John, I was introduced to Pigou's Economics of Welfare as an undergraduate at Cambridge in the 60s, where it was the basic textbook. At the time, I thought economics was a bore and especially him. Like most members of my generation I thought I was an orphan, entirely responsible for my own life and owing no debt to those who came before, especially my own parents. Of course it dawned on me later that they fought the war against fascism and installed the welfare state that made me possible. But I didn't want to know that then. As a teacher, I have found it hard to get history across to students who have something of the same attitude, but nothing like as bad as we did.

Nick Stern is the man who resurrected Pigou. He is very bright and, for an economist, very human, an East End Jewish working class boy who made it all the way to the top. I knew him when he was chief economist at the World Bank. His report on the economics of global warming resurrected Pigou from the limbo where the Keynesians, Marxists and Friedmanites put him.

I have ordered the author of this article, John Cassidy's book, When Markets Fail. Perhaps it will lead me to Pigou at last. But it took my two decades to get past the first chapter of Capital and I only got as far as the Preface in The Critique of Pure Reason, so I am not holding my breath.
Comment by John McCreery on November 29, 2009 at 6:47am
Keith, what is your take on Pigou?
Comment by John McCreery on November 26, 2009 at 10:48am
Kathleen, we are not so far apart as you seem to imagine. Every entrepreneur, activist and, yes, interesting scholar looks beyond the status quo to new possibilities. You remind me, however, of one of Mao Tse-tung's essays, in which he criticizes a young cadre who charges into a village without first making a careful study of the conditions in which he is trying to promote the revolution. I think, too, of how many of us were so terribly excited about the possibility of China's creating a new socialist human being freed from the chains of feudal and capitalist institutions — back before the Great Leap Forward and the Cultural Revolution, the Gang of Four and Tienanmen.

That said, you might be interested in something I wrote yesterday for the Theorizing Identities group,

In my experience, anthropologists tend to think of structures in terms of constraints, obstacles to individual autonomy. We neglect the fact that structures can also be opportunities. When I think of my own life, I note, at one end of the scale, that the position of the USA in the post-WWII world system has made my passport extraordinarily desirable. Being born in the USA in a middle-class family, growing up in a state and county with good public schools, being able to go to college and then to graduate school — I grew up with structures on my side, opening doors wherever I turned. On a more micro level, the fact that when I found myself an unemployed anthropologist, I was married to a very smart woman who was doing Japanese literature and had a colleague who had worked in advertising in Japan and the timing that brought us to Japan shortly before the economic bubble of the 1980s...but enough of that. The critical point is that structures always leave people with choices. Some may be hard choices. A girl in Afghanistan going to a school that may be bombed any day, facing the threat of violence from those around her who believe that she is destroying local values is one example. A battered wife with no job skills and children she needs to protect may have more than psychological issues preventing her from leaving an abusive husband. But choices and the possibility of courage remain.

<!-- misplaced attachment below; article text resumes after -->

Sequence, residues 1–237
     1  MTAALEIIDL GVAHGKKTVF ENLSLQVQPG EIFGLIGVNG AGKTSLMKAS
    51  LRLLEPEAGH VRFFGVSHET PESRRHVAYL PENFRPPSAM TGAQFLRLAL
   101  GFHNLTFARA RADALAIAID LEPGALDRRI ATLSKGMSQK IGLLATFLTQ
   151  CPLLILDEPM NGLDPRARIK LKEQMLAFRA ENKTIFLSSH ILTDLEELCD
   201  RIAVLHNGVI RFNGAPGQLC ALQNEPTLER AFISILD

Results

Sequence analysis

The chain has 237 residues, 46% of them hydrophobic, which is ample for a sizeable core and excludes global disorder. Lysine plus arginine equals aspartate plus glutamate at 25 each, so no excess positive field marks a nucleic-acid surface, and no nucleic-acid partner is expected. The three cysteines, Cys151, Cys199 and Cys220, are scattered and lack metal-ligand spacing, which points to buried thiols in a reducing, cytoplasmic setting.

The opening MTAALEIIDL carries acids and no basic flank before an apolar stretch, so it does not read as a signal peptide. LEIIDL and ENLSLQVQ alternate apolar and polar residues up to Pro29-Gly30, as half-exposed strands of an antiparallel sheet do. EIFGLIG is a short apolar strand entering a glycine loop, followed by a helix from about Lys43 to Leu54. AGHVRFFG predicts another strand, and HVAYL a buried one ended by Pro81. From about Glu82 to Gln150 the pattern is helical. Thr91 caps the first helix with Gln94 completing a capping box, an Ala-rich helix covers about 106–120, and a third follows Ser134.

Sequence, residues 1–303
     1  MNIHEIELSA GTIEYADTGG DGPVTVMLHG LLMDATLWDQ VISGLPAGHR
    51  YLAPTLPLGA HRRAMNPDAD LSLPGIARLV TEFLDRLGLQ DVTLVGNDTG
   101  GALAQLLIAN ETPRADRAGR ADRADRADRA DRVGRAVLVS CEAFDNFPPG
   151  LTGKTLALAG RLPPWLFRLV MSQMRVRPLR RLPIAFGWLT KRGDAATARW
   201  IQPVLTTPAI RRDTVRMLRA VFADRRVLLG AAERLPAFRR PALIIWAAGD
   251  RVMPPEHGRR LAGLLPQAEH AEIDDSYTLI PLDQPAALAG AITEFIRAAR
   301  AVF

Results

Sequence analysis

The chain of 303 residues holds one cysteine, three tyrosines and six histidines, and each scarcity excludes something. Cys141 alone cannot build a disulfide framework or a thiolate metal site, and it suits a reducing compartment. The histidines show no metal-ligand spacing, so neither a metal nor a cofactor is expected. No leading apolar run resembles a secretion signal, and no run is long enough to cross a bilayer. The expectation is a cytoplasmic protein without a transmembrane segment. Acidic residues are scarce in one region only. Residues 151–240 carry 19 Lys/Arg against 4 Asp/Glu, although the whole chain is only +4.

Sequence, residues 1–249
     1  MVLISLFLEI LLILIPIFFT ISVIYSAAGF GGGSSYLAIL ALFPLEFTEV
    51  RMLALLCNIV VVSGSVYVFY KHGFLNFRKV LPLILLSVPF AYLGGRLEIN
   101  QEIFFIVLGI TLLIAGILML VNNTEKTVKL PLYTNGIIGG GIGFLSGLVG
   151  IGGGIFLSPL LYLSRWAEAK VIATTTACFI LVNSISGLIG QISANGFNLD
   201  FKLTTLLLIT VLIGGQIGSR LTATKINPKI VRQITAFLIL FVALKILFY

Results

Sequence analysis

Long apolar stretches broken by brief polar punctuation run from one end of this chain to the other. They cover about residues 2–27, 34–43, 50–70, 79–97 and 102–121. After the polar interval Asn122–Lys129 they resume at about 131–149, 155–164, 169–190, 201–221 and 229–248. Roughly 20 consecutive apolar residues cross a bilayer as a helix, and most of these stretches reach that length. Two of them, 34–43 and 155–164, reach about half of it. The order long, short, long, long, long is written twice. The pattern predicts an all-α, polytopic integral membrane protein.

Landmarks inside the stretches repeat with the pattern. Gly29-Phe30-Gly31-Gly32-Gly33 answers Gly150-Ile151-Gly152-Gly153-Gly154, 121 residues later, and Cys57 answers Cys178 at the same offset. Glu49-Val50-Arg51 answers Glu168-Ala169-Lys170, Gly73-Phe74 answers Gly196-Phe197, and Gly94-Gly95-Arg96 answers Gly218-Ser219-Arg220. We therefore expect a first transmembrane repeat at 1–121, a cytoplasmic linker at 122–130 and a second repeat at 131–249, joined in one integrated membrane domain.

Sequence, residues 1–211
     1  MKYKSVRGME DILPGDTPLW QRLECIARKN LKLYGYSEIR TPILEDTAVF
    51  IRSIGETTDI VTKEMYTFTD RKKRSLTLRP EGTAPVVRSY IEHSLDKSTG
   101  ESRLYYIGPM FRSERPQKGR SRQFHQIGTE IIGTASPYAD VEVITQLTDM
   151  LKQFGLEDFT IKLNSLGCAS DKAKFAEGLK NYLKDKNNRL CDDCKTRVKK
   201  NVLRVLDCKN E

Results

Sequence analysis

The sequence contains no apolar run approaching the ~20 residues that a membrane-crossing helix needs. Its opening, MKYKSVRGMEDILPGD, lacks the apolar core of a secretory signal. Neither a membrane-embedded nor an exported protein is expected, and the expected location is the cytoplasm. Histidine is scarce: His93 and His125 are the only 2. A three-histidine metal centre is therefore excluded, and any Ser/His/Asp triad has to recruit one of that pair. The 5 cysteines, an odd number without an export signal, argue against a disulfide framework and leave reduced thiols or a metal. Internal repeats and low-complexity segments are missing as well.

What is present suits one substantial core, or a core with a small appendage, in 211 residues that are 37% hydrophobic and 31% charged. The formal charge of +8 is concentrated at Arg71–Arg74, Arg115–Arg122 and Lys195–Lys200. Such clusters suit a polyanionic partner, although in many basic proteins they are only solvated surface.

Perhaps we anthropologists need to pay more attention to that.
Comment by Kathleen Lowrey on November 26, 2009 at 1:36am
I like to think of the ethnographic record as tracking not the limits of possibility, but the lack thereof... As a feminist, I'd be filled with despair if I thought the only possible models were the ones human societies have already tried. I've always thought "from each according to his abilities, to each according to his needs" is one of Marx's greatest lines -- the point is not to look to the existing evidence to prove or disprove it but to forge on in that direction!
Comment by John McCreery on November 26, 2009 at 12:40am
I also loved Kathleen's last post. A very sharp reading of Marx with, I note, direct connection to discussions now underway in the Anthropology of Consumption group. I remain, however, unconvinced by Keith's suggestion that "the complementary currency movement is seeking to contrive a social situation where scarcity is not the natural condition of individuals."

I say "unconvinced" because my awareness of the movement has just been awakened by Elaine's pointer to the Totnes pound and in that case, at least, the motivation behind the movement is far more down to earth. Like other small towns (I know of similar cases in Europe, North America, and Japan), Totnes' local economy is being drained as money flows to other larger centers. Local merchants are suffering. Jobs and, if young people who lack employment are emigrating, the very existence of the community may be at stake. (I am reminded here of depopulated rural towns in the American Midwest and rural Japan.)

If my reading is correct — I am well aware it may not be — local currency is one of a number of possible strategies, all of which at the end of the day come down to a form of "buy local" protectionism and feed on nostalgia for an imagined self-sufficiency and good old days when people took care of each other. I say imagined because if there is anything that ethnography has clearly revealed, it is the endemic nature of bickering, conflict, and feud in small communities.

There is a remarkable dearth of evidence that "to each according to his needs, from each according to his abilities" is even remotely possible, thus the need to consider new institutional frameworks along the lines suggested by Jean-Louis Laville.